The director’s view that the process was “spooky and strange” was echoed by Langenkamp during a second get-together in which Craven presented the fruits of his labor. “I could see that he was basing the script on Heather rather than Nancy, and my initial reaction was, ‘Oh my God! I don’t know about this,'” she admits.
One person who felt secure about the idea was Englund, who, having continued his association with Craven on the TV series Nightmare Cafe and various professional and social get-togethers, felt confident that “if anybody could resurrect Freddy, it would be Wes.
I liked the potential of what he was trying to do with the Nightmare series,” says Englund of his first look at the script. “The idea of examining the truth of the Freddy Krueger myth and what effect Hollywood has had on it seemed the perfect metaphor for a whole lot of things. I liked that Wes was setting this in a familiar world with familiar real people. I’m not going to lie to you and say I’m not being well-compensated for New Nightmare, but Wes being back made this really attractive.” The idea of a return engagement for Craven also appealed to Saxon, who was lured by the opportunity to work with the director again and signed on to get back in the Nightmare business.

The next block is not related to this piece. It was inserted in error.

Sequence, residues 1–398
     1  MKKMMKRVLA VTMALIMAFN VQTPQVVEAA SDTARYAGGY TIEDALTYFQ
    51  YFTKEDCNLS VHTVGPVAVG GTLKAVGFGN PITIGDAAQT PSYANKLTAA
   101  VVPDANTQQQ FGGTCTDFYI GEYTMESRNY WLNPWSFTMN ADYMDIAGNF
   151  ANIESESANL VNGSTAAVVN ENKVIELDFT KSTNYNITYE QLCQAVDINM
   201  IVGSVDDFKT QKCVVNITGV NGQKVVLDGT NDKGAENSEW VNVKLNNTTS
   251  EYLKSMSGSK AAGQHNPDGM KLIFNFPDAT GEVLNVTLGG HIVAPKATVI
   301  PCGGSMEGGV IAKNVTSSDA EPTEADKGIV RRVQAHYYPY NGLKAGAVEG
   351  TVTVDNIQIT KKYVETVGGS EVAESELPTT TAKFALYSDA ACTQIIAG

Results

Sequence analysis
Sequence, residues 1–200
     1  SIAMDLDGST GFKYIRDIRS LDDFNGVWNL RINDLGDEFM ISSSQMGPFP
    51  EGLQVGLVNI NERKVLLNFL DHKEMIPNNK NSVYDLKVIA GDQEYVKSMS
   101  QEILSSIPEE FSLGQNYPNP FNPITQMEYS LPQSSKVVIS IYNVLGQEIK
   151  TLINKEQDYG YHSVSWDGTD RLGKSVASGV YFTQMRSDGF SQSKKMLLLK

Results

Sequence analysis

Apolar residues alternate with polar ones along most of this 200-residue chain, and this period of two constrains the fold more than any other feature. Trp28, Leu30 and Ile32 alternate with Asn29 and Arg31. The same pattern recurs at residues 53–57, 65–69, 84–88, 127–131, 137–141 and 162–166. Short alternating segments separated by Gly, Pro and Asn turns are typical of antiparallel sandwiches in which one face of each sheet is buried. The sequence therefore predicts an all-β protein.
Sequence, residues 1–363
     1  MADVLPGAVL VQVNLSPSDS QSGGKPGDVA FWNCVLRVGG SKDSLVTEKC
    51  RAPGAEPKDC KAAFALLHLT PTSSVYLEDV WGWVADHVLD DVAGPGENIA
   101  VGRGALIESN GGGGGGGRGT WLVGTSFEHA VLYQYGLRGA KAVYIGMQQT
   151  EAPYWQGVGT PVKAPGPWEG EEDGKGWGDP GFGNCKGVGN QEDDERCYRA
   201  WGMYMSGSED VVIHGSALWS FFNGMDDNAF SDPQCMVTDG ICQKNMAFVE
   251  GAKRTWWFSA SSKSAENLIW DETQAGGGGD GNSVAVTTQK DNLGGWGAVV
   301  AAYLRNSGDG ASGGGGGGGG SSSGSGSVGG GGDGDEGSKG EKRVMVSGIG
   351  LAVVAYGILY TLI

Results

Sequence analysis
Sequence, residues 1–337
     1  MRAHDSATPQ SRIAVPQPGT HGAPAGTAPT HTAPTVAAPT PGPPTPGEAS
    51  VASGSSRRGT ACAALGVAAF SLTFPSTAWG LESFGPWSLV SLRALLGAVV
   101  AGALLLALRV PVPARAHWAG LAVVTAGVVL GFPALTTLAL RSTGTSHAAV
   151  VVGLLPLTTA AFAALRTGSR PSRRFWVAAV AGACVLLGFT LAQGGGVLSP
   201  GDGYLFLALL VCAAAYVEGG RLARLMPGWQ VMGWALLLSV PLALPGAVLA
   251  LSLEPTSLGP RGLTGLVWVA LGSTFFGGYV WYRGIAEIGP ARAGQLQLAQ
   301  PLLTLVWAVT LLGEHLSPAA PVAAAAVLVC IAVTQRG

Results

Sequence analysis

In addition to the familiar faces, New Nightmare’s FX lineup also brings back memories of vintage Elm Street moments. There are fewer opticals and more mechanicals than in later sequels. A revolving room sequence, with a body dragged across the ceiling, harks back to Tina’s death in the first film. An updated tongue-phone pops up, too. Nonetheless, the new movie boasts a somewhat modified Freddy face, courtesy of Miller.
“Everybody wanted something different,” says the artist, “a new look but one that still had to look like Freddy. What I came up with was something a bit meaner-looking that has a gigantic, masculine appearance. This makeup has more of a splitting-skin look than a burn look. The red spots are still there, but not as many as before. The design is basically streamlined; everything’s been cut down. Robert’s gotten tired of putting the makeup on, and he’s even more antsy in the chair than he has been before. So I’ve done everything I can to get him in and out of the chair as quickly as possible.”